Edward G. Kerman, 58, longtime music teacher

THE BALTIMORE SUN

Edward Gerald Kerman, a longtime Howard County music educator and advocate of grass-roots community bands, died Monday of a brain tumor at his Ellicott City home. He was 58.

Born and raised in Washington, he graduated in 1963 from Northwood High School in Silver Spring. He earned a bachelor's degree in music in 1968 from what is now Frostburg State University and a master's in music in the mid-1970s from Catholic University in Washington.

After graduating from Frostburg, Mr. Kerman became the choral director and general music teacher at a school in St. Mary's County and then assistant band director at a school in Marion, N.C.

He returned to Maryland in the early 1970s as band director at Glen Burnie High School in Anne Arundel County, and his students performed for then-first lady Patricia Nixon at the dedication of a new park in the community.

Between 1974 and 1977, he was band director at Parkdale High School in Prince George's County, and led his students at an international competition in Bermuda.

During a beach outing, some of the students wanted to throw Mr. Kerman in the water, according to his brother, Fred Kerman of Oakton, Va. The teacher could not outrun the dozens of students chasing him, and was injured when they tackled him.

He conducted the band at the competition with a separated shoulder, and "they came back with honors," his brother said. "That's his dedication."

In the late 1970s, Mr. Kerman became director of bands at Howard's Hammond High School.

He was a founder of the Howard County Arts Council, his brother said, and became the first regular director of a grass-roots group, the Columbia Community Band.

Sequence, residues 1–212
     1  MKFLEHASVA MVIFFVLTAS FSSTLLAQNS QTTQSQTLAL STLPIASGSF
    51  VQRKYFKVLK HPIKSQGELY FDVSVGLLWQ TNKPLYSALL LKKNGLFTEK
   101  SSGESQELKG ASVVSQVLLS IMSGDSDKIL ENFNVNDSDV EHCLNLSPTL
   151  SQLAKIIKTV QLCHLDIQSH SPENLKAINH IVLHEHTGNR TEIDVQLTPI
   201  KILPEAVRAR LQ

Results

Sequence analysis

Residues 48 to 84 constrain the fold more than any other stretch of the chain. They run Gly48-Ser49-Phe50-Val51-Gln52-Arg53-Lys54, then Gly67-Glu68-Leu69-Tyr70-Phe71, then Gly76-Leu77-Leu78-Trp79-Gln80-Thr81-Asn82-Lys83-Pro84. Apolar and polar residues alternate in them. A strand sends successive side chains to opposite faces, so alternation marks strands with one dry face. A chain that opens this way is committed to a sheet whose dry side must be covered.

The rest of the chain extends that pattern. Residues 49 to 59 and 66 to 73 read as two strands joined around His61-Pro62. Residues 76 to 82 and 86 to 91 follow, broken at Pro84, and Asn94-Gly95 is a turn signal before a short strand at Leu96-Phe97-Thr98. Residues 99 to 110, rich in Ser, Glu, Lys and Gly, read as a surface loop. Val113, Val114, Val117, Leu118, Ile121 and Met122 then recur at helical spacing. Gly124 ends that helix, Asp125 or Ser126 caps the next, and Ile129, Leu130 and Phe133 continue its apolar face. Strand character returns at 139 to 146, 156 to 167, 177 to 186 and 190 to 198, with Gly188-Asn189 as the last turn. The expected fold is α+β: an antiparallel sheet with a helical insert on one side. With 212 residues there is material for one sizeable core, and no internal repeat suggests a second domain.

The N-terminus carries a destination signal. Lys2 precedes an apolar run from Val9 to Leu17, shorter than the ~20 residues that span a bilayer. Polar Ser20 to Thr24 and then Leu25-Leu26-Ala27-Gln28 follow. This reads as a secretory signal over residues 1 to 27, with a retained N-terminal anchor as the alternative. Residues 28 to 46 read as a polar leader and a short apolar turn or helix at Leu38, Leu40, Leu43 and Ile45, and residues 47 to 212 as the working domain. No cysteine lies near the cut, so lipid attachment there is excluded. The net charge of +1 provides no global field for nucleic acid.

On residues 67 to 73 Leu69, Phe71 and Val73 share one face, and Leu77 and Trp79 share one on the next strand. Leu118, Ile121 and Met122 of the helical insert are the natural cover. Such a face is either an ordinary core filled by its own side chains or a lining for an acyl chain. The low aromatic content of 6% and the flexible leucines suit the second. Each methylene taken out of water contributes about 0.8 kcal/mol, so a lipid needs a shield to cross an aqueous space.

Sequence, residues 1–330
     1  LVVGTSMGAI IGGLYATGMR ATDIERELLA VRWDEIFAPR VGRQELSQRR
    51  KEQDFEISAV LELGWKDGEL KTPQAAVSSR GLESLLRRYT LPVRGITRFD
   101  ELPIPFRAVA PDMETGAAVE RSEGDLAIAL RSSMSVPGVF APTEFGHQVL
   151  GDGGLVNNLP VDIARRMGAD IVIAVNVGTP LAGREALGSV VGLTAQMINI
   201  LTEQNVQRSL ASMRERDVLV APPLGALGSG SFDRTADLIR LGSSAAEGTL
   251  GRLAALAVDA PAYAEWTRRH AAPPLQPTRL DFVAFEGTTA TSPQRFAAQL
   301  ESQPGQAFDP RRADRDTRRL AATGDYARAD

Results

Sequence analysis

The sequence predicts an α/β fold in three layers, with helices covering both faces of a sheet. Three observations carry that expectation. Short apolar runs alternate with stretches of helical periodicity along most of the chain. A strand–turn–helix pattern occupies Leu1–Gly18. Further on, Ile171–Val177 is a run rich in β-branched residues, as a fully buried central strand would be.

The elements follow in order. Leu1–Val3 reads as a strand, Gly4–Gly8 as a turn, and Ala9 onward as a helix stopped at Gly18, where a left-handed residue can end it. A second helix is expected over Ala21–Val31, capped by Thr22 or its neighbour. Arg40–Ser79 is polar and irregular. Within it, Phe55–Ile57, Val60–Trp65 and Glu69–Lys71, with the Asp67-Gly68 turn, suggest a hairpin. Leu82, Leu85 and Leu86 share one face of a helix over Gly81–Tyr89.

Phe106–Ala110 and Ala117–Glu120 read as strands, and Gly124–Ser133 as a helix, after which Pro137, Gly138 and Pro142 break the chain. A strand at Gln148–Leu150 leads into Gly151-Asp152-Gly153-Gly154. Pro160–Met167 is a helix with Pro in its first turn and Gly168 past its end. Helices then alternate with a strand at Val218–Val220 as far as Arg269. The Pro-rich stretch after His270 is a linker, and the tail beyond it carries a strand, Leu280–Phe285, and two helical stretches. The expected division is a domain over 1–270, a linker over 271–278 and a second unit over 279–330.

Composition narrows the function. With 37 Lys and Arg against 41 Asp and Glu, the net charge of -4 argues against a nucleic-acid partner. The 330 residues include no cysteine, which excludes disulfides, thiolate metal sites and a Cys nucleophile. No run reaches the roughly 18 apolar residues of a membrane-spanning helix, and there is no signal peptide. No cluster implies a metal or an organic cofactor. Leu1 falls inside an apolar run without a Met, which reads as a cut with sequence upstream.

"As a high school band director, I really feel the need for a community band," Mr. Kerman was quoted as saying in a 1979 Sun Magazine article about the band, which met Thursday evenings at Hammond High and consisted at the time of 45 Marylanders ranging from a retired military man to a 17-year-old high school student and her mother. "It really hurts me when students graduate, get jobs and their horns go into their cases and all the talent they have and the studying they've done is wasted."

Also in the late 1970s, he co-founded the University of Maryland, Baltimore County Jazz Ensemble and directed the university's wind ensemble.

Mr. Kerman subsequently held positions teaching string instruments and directing bands at Jeffers Hill, Talbott Springs and Manor Woods elementary schools. He included disabled children in his elementary school bands, altering instruments so they could play and giving them opportunities to perform in front of large groups, his brother said.

He retired from the Howard County school system in 2000, but not from teaching.

He first took a job for a year teaching at Furman L. Templeton Elementary School in Baltimore from 2000 to 2001.

At the inner-city school, he mentored and emotionally supported new teachers, his brother said. He also took pupils to hear the Baltimore Symphony Orchestra at Meyerhoff Symphony Hall -- and to a Navy football game. "Most of the kids had never had those types of opportunities before," Fred Kerman said.

Between 2001 and late June, when he received a diagnosis of a brain tumor, Mr. Kerman worked as orchestra and choral director for a middle school in Fauquier County, Va., and as the band and orchestra director at Paul VI Catholic High School in Fairfax, Va.

"He looked for the potential in all of the children and young adults that he encountered," said his wife of 32 years, the former Margie Ruth Hicks, adding that he wanted them "to use their music to ... maximize their potential and realize their goals."

She said he would spend time with kids and their parents to plan musical experiences that would help them have opportunities for music later in their education.

"He touched many lives," Fred Kerman said, including some educators and musicians to whom Mr. Kerman taught their first instrument. Services were held yesterday in Fairfax.

In addition to his wife and brother, survivors include his son, Benjamin Kerman of Ellicott City; his mother, Sara Kerman of Rockville; and a sister, Beverly Perlman of Silver Spring.

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